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Made in China 2025 and Make In India

Made in China 2025 and Make In India

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Author: Lt Gen S L Narasimhan (Retd)

India and China not only follow different paths for their economic growth, they also do the same to improve the manufacturing capability, says noted China expert, Lt Gen S L Narasimhan (Retd).

China has been growing economically at a blistering pace for the last about 40 years. Even though her growth has reduced due to the global recession that occurred in 2008, she is still growing at the rate of approximately 6.5 – 7%. Assessing the economic growth of a country merely by the percentage of GDP growth is fraught with danger.

What one needs to understand is that when China’s GDP grows at the rate of 6.9% (2015), the growth is calculated over its $ 11.4 trillion economy. It implies that she has grown by $ 787 billion in that year. When India grows at 7.6% (in 2016) it implies she has grown by $ 175 billion because her economy is pegged at approximately $ 2.30 trillion. Both these countries have adopted different models for their economic growth.

China adopted a model of being the world’s workshop due to availability of cheap labour, electricity and raw material. Therefore, her economic growth was dependent on exports. However, she was concentrating on low end products. In contrast, India adopted a growth model of service oriented economy combined with domestic consumption.

Therefore, when the recession occurred in 2008, triggered by an unsustainable subprime lending in the USA, China was affected by it more. Though it also affected India, the effect was muted compared to China. But one thing was clear from the effects of the recession. It is the fact that both countries should look inwards and improve the manufacturing in their respective countries.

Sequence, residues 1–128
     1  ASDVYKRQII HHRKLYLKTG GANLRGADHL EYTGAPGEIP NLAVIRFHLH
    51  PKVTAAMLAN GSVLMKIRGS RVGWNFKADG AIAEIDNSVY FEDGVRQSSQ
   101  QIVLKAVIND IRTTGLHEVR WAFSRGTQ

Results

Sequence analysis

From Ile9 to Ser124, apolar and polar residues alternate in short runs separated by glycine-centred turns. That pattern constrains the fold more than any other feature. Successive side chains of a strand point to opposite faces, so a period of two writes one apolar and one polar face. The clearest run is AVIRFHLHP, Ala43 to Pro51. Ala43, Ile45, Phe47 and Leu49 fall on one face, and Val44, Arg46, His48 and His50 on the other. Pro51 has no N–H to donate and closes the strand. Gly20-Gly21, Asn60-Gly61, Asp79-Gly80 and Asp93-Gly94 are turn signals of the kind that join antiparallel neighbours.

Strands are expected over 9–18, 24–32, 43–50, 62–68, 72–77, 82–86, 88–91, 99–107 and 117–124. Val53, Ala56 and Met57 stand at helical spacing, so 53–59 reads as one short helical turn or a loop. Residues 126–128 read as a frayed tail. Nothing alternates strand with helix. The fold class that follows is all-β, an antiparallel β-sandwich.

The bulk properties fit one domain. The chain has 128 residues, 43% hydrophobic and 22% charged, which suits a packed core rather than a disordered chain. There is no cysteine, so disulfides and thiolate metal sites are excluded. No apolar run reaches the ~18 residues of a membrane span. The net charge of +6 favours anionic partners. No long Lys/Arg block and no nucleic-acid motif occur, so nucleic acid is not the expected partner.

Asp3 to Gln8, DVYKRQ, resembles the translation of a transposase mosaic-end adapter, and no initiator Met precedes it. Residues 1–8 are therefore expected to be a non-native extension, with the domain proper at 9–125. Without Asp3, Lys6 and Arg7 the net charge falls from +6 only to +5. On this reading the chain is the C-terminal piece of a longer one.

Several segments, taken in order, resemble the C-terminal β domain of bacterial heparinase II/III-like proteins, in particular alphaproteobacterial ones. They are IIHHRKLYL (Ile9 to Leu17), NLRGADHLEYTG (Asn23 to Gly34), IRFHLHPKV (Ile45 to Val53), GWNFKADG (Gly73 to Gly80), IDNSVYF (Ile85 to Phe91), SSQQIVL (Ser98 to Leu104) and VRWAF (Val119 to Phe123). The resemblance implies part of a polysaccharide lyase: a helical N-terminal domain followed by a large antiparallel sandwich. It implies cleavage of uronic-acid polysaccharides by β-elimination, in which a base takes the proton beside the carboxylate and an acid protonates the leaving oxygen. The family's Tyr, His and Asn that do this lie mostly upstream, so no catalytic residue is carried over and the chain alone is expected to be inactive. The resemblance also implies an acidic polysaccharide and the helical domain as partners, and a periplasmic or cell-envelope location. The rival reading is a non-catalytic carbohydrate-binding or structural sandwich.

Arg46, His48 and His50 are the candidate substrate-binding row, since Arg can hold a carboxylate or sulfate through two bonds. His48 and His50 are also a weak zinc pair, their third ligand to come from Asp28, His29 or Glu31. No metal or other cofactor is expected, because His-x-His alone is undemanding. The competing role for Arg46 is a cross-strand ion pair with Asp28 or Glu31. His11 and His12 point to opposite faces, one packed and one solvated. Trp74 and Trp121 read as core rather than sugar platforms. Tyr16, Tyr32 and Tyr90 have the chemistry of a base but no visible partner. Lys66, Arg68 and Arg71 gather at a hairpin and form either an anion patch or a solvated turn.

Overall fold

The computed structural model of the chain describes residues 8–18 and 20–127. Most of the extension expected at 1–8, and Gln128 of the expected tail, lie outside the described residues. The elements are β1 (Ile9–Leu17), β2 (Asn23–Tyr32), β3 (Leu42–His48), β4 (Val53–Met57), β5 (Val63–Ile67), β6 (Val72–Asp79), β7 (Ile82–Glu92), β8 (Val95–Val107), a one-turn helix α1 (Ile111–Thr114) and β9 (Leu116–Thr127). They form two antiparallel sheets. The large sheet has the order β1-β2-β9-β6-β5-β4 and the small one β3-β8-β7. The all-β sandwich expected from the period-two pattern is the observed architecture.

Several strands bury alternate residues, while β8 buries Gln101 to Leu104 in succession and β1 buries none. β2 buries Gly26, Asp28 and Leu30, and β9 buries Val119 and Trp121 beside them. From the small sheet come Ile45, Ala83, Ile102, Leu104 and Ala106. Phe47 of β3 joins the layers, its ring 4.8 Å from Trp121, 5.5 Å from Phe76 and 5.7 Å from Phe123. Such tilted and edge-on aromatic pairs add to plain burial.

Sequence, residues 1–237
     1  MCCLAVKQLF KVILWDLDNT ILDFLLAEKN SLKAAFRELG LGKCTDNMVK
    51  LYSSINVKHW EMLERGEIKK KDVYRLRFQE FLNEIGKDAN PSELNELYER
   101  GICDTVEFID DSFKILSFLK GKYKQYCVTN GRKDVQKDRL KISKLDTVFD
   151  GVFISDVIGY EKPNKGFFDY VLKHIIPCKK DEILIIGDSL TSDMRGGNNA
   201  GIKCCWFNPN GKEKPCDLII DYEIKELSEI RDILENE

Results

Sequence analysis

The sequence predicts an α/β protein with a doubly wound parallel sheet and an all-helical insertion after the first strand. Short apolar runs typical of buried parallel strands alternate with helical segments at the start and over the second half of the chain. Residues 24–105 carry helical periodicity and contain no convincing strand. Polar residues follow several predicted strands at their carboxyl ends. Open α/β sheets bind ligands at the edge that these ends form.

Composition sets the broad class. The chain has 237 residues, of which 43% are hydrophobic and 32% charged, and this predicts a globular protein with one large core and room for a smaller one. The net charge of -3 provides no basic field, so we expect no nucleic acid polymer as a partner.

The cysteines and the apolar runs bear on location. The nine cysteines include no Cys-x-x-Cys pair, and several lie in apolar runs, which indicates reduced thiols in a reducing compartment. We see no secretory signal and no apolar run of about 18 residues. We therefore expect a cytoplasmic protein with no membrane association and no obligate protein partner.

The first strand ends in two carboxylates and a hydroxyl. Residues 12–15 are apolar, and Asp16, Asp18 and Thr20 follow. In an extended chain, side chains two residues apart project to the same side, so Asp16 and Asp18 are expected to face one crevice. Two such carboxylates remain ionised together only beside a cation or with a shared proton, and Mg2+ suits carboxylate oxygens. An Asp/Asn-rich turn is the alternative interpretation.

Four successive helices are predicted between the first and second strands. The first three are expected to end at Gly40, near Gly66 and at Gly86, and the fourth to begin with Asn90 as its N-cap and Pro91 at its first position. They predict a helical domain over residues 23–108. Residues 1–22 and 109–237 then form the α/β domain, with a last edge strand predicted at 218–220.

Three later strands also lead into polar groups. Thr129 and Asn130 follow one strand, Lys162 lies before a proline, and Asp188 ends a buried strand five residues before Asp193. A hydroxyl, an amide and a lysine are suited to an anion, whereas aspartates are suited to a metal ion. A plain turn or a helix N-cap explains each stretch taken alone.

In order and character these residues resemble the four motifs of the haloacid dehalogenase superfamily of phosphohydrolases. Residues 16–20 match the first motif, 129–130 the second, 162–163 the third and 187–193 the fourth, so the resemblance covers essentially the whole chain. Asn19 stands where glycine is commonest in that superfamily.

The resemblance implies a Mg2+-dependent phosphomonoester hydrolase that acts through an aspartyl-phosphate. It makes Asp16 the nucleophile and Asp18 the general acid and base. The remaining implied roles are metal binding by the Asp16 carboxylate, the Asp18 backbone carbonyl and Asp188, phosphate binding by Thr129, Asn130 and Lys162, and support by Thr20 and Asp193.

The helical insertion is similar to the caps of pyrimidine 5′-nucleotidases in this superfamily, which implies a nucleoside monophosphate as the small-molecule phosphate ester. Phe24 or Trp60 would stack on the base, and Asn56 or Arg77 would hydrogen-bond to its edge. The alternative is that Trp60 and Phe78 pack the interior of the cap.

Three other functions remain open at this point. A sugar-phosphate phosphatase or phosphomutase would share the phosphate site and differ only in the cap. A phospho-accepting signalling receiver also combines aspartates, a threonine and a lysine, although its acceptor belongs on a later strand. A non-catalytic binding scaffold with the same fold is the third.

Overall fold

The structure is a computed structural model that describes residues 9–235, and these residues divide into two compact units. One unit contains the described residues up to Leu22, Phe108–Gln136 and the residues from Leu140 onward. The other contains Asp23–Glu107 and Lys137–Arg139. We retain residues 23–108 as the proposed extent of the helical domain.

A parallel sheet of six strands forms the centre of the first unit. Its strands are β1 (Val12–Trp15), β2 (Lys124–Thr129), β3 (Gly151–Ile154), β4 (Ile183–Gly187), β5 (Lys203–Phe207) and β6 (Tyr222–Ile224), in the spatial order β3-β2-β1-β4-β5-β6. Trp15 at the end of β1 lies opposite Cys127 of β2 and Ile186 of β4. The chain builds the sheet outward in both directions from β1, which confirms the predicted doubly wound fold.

In 2006, India’s National Manufacturing Competitiveness Council (NMCC) prepared a national “Strategy for Manufacturing” under the directions of the first United Progressive Alliance (UPA) Government. Though many of the suggestions of the NMCC were incorporated in the 12 th Five Year Plan Strategy, the UPA government was not able to give the necessary impetus to the strategy. Therefore, it remained a still born baby till the UPA Government lost power in 2014. A good eight years were wasted.

When the present government came to power in May 2014, the Purchasing Managers Index (PMI) was at 51.5. PMI above 50 indicates growth. At 51.5 the index indicated that the growth in manufacturing was minimal. Moreover, India got the tag of being the biggest importer of arms for the period from 2011 to 2015. From 2000 to 2015 India had imported approximately US$ 120 billion worh of arms and equipment. This was because India’s arms industry had largely failed to produce competitive indigenously-designed weapons. The Defence Research and Development Organisation also did not live up to the expectations of the country.